The energy price guarantee has been extended for three months, Jeremy Hunt confirmed in his Spring Budget.
The average annual household bill will continue to be capped at £2,500 from April to June.
The cap was first introduced by then-prime minister Liz Truss in September in response to soaring gas and electricity prices.
Announcing the extended support on Wednesday, prime minister Rishi Sunak said the move was part of the government’s plan to support families through the ongoing cost of living crisis.
“We know people are worried about their bills rising in April, so to give people some peace of mind, we’re keeping the energy price guarantee at its current level until the summer when gas prices are expected to fall,” Mr Sunak said.
What is the price cap guarantee?
The energy price cap was introduced in January 2019 and is set by regulator Ofgem to determine the amount energy suppliers can charge customers on their standard variable tariffs.
Now set quarterly, Ofgem dictates the price households pay for every unit of gas and electricity they use, based on wholesale prices. It also includes allowances for tax, charges paid to the energy networks, green levies and social payments.
The cap is quoted in the form of the average annual household bill.
In September last year, Ms Truss announced that the typical UK household would pay no more than £2,500 a year for energy for the following two years from October 1 as the Government responded to soaring gas and electricity prices.
Without intervention, the average household energy bill would have jumped 80 per cent from October 1, from £1,971 to £3,549 a year under Ofgem’s price cap at the time.
What did the government announce today?
Mr Hunt will cancel the planned £500 hike in average energy bills, which was due to come into force next month.
The Treasury has come under increasing pressure to cancel the rise, which was set to come into force on 1 April.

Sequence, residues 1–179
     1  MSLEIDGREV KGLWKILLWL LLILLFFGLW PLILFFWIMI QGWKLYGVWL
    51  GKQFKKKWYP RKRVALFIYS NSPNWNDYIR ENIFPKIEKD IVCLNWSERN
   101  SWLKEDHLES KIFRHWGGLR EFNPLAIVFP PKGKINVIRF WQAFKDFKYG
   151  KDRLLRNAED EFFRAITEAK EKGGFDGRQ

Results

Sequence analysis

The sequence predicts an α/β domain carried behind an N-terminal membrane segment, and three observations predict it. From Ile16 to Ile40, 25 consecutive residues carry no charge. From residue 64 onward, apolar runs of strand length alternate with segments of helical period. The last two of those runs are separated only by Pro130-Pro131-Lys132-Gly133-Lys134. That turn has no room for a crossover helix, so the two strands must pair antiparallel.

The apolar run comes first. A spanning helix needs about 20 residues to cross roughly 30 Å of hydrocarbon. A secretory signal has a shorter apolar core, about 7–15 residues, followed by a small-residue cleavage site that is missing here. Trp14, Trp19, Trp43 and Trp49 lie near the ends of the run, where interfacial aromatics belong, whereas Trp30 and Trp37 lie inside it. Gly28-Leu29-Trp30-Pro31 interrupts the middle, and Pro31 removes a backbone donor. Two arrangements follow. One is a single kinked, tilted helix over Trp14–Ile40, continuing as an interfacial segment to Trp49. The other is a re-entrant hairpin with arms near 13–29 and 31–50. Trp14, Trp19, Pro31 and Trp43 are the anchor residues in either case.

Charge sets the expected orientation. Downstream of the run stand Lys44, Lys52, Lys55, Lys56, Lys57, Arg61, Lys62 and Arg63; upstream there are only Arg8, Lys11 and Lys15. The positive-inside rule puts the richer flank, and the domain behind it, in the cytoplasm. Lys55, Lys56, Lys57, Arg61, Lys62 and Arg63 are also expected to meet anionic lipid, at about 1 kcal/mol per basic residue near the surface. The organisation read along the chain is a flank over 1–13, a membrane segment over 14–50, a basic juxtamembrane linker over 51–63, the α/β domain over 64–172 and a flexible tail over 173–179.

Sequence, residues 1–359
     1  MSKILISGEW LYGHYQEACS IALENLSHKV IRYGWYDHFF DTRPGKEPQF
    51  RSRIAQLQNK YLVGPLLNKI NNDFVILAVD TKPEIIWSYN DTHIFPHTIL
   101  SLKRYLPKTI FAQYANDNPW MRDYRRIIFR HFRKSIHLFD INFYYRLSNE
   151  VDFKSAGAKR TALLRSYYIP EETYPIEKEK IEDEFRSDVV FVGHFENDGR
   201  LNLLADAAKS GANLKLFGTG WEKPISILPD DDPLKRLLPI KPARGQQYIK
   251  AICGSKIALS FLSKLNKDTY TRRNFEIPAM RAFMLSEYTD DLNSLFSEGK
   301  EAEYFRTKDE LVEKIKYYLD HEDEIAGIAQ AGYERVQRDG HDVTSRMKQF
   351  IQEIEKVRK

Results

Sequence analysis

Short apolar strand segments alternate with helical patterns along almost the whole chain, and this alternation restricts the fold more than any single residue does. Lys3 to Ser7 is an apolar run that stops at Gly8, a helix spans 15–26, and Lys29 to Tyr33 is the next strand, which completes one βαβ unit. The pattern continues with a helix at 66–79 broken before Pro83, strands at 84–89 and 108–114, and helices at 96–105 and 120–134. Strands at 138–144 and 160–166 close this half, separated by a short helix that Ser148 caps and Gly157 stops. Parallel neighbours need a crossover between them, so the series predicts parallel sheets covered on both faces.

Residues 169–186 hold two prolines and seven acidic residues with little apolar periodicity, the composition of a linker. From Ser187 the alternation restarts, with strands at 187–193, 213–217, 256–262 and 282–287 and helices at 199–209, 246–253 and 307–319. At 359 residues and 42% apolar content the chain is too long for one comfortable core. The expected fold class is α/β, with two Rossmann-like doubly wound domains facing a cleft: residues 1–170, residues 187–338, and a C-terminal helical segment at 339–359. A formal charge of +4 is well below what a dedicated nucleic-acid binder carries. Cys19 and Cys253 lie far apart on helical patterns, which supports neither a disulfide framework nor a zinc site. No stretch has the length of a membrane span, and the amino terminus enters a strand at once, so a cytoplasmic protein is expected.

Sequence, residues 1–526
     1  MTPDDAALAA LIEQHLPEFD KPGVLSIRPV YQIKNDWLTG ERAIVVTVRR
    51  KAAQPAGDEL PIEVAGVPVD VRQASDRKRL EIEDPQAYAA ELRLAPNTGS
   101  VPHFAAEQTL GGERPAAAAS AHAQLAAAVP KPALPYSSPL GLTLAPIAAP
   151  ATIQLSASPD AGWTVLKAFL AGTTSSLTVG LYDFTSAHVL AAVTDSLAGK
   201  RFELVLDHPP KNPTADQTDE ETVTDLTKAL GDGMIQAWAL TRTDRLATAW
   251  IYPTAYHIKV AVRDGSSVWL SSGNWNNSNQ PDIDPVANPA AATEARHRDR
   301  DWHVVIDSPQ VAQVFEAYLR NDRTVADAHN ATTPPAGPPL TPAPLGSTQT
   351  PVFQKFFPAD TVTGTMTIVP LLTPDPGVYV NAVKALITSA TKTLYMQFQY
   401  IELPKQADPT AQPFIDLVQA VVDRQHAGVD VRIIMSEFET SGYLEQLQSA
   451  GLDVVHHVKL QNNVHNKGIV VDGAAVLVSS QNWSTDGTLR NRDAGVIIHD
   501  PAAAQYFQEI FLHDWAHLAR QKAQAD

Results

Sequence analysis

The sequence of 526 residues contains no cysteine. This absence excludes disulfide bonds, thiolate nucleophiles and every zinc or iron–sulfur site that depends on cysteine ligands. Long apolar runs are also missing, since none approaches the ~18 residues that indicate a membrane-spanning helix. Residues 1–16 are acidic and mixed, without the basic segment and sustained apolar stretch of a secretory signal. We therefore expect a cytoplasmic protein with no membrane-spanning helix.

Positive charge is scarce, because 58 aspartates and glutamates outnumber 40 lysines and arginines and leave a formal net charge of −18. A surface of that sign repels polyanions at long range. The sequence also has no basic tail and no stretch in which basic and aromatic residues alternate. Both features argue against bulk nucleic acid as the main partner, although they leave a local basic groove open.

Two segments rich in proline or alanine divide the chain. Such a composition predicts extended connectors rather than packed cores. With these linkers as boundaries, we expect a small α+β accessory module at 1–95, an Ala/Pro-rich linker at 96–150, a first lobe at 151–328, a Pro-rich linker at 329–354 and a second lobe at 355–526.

The EPG had been due to rise to £3,000, but falling energy prices mean that the current level can be extended to “bridge the gap” until costs fall below the cap, said Mr Hunt.
Who is eligible?
The energy price cap does not apply to those on a fixed-term energy deal, so some customers will be locked in at higher prices than the current cap.
Similarly, some standard variable green energy tariffs have been exempted from the cap by Ofgem.
But the vast majority of customers are eligible, including those on pre-payment meters.
Does this mean I will not pay more than £2,500 for my energy?
As the guarantee, like the former price cap, is a limit on unit prices – despite it being quoted in the form of the average bill – customers can pay far more or much less depending on how much they use.
Households are also billed for standing charges, which are set at a daily rate regardless of energy use.
What other financial support is the government offering?
Every household in the UK has been receiving a non-repayable £400 payment from the Government as part of a cost-of-living support package, which Rishi Sunak announced while chancellor.
It was applied directly to households’ energy bills, divided into monthly instalments between October and March. This scheme has not been extended and so ends this month.
However, UK households on means-tested benefits will receive a further £900 Cost of Living Payment, while pensioner households will get an additional £300. People on non-means-tested disability benefits will receive an extra £150 Disability Cost of Living payment.